Open heart surgery may be done to perform a CABG. A coronary artery bypass graft may be necessary for people with coronary heart disease.
Coronary heart disease occurs when the blood vessels that provide blood and oxygen to the heart muscle become narrow and hard. This is often called “hardening of the arteries.”
Hardening occurs when fatty material forms a plaque on the walls of the coronary arteries. This plaque narrows the arteries, making it difficult for blood to get through. When blood can’t flow properly to the heart, a heart attack may occur.
Open heart surgery is also done to:
Tetralogy of Fallot. Tetralogy of Fallot is a combination of four congenital abnormalities. The four defects include a ventricular septal defect (VSD), pulmonary valve stenosis, a misplaced aorta and a thickened right ventricular wall (right ventricular hypertrophy)
These defects, which affect the structure of the heart, cause oxygen-poor blood to flow out of the heart and to the rest of the body. Infants and children with tetralogy of Fallot usually have blue-tinged skin because their blood doesn’t carry enough oxygen.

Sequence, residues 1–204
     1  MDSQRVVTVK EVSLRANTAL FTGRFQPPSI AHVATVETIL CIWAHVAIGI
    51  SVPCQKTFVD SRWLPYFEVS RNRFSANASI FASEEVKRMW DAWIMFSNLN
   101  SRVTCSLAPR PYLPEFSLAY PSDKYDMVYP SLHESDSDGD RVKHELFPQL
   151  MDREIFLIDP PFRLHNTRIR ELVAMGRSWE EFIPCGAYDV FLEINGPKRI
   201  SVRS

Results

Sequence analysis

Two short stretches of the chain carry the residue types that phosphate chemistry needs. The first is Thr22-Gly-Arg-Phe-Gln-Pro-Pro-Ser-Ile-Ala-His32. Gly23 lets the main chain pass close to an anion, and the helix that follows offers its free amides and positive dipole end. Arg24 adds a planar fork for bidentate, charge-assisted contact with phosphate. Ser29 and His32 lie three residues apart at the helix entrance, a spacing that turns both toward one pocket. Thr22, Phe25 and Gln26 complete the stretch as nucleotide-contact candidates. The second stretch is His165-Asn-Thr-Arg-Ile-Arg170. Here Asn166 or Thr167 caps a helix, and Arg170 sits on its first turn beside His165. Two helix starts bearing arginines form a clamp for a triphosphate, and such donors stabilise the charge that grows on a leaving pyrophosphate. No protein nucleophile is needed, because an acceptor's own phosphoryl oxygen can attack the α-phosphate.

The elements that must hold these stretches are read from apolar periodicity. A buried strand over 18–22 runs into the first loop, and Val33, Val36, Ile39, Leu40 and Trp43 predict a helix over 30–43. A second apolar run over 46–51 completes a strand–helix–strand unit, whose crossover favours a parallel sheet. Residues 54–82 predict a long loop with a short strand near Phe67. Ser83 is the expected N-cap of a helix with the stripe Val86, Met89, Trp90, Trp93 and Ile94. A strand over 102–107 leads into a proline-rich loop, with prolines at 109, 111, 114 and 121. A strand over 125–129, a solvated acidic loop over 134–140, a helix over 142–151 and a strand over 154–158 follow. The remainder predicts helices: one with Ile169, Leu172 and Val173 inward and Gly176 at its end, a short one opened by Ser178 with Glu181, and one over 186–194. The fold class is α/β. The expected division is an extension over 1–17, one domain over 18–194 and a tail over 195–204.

Tetralogy of Fallot is often diagnosed during infancy or soon after. However, tetralogy of Fallot might not be detected until later in life in some adults, depending on the severity of the defects and symptoms.
With early diagnosis followed by appropriate surgical treatment, most children and adults who have tetralogy of Fallot live relatively normal lives, though they’ll need regular medical care throughout life and might have restrictions on exercise.
Tetralogy of Fallot occurs during fetal growth, when the baby’s heart is developing. While factors such as poor maternal nutrition, viral illness or genetic disorders might increase the risk of this condition, in most cases the cause of tetralogy of Fallot is unknown.
The four abnormalities that make up the tetralogy of Fallot include: